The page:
The type of property is an important consideration and you should always explore all the options before making a decision. In your first year, you will most likely be in halls of residence but after that, there are more options available - each with their own costs and benefits.
Traditionally, students tend to live in shared houses or flats in an older style property in an established student area. However the emergence of managed accommodation, or "private student halls" are also worth considering as they have many benefits. Weigh up the pros and cons of the following points before deciding:
Sometimes managed accommodation will appear more expensive but will mainly include bills and will also tend to have a good quality of student accommodation available so look at value for money rather than just the cost.
You could also look at just renting a room in a house if you don't have a group you would like to share with. It's a great way of making new friends without the pressure of having to join in with the whole group social scene. For a more comprehensive breakdown of your different student accommodation options see our article "What types of Student Accommodation are there?"
The cost of student accommodation varies enormously across the country so you need to make sure you understand what is reasonable for you and your friends to pay. Most landlords and lettings agents will use a PPPW format (per person per week) format so you can work out your weekly budget easily. This is a good way to identify an agent that may be more suited towards students rather than residential non-student property.
However, although the property will be advertised in a PPPW format, this does not mean that you will be paying your rent on a weekly basis. You will need to check but the most common way of paying rent is in termly instalments after you get your Student Loan.
Before signing a tenancy agreement, check how long you are actually signing for. Many are actually 12 months regardless of how many months you are actually at university for (you will usually be finished lectures by May/June and will not start again until September). However a contract for a whole year may be a good thing if you want to stay in your university city over the summer and work. Some landlords reduce the rent over the summer and allow you to store your belongings there until your come back in September if you are renting the same property for two years.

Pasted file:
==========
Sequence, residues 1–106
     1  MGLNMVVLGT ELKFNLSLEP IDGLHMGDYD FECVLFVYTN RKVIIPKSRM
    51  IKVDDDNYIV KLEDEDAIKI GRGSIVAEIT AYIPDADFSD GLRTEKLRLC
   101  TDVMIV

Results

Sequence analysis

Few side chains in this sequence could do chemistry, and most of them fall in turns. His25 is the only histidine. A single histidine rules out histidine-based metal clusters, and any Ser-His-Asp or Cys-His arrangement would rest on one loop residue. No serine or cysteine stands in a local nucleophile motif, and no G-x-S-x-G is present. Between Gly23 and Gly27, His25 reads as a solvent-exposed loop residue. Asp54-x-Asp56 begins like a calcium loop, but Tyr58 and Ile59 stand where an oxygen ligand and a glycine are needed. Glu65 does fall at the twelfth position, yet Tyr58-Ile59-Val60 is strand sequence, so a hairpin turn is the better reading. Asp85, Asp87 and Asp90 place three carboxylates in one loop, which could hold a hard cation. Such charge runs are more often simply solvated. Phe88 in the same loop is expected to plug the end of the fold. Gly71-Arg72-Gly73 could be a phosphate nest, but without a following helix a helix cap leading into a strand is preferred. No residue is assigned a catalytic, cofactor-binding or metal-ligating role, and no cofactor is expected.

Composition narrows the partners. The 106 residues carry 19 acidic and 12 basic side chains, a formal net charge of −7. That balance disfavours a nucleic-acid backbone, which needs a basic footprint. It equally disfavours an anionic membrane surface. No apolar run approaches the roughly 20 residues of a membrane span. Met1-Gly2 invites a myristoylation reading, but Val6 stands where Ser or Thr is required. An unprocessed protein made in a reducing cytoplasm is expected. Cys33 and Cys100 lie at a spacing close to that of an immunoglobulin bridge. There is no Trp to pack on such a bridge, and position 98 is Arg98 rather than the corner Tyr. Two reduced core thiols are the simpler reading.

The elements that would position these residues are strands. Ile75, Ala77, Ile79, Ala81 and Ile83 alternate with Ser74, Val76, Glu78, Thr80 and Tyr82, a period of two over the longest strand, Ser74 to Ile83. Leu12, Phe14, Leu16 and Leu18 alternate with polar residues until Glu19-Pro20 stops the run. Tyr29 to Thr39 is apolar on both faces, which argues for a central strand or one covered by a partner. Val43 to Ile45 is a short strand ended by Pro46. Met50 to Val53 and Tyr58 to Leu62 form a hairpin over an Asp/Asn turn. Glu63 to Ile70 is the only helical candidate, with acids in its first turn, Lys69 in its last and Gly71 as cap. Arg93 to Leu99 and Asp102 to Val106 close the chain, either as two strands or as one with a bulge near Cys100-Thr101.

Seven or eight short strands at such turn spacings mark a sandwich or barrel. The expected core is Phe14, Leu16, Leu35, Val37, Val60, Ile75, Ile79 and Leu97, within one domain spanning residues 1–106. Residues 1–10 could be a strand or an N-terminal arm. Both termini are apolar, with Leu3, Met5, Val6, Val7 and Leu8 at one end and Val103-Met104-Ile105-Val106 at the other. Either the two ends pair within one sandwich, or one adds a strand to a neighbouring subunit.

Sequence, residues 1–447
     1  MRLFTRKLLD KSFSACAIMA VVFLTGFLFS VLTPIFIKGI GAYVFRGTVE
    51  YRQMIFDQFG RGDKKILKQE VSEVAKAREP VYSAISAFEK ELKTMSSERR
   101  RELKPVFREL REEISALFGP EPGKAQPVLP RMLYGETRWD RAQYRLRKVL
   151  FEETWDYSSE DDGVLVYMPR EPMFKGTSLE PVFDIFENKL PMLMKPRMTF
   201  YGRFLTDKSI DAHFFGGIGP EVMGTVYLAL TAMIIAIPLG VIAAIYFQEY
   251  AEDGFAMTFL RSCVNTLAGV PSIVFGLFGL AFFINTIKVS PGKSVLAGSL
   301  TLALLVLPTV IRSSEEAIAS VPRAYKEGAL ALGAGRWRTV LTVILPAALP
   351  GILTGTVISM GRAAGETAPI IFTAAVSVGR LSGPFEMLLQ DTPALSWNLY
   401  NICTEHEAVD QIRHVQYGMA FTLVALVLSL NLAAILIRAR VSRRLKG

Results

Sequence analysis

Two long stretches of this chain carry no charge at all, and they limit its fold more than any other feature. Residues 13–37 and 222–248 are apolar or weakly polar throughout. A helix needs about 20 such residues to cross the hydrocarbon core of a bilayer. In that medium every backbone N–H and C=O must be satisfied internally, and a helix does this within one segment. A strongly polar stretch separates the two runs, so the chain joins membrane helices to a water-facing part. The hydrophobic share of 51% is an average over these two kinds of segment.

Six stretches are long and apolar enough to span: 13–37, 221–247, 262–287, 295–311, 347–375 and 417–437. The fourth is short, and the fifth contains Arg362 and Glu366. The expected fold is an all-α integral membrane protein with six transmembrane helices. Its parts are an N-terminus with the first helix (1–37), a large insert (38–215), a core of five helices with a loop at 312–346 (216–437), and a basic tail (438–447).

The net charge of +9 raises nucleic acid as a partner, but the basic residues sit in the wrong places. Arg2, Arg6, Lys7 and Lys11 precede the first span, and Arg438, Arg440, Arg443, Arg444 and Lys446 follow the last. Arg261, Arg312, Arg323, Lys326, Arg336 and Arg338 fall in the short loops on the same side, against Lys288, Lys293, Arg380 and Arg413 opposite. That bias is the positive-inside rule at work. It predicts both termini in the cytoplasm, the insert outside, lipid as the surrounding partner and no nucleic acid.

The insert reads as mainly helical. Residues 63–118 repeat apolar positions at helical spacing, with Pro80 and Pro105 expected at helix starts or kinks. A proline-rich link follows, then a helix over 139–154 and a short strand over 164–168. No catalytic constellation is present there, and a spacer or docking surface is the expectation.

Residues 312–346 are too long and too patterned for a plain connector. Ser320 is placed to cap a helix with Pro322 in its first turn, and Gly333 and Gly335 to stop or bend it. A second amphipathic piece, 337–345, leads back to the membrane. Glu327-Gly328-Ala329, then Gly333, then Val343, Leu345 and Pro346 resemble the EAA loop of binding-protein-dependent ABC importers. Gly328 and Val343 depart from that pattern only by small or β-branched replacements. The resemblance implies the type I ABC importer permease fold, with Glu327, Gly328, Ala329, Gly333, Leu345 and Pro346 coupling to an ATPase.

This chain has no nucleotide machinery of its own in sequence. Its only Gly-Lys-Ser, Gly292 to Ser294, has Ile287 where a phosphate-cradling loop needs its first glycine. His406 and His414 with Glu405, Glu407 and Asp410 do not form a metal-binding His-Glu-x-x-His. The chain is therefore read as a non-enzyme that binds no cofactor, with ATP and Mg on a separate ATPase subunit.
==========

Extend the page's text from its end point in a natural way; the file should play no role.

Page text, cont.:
Private halls will usually give you a shorter option of around 41 weeks so you are only paying for when you are actually there.
If your tenancy agreement is shorter but you do decide to stay over the summer, some landlords do summer lets and most private halls do as well. Places are usually limited as many international students come to the UK over the summer so register your interest as soon as you decide to stay on.
Remember to tie in any extended stay with your contents insurance so you are covered throughout the whole year.
When discussing the length of the contract with your landlord or agent, remember to get buy-in from your entire group as some may want to stay longer than others.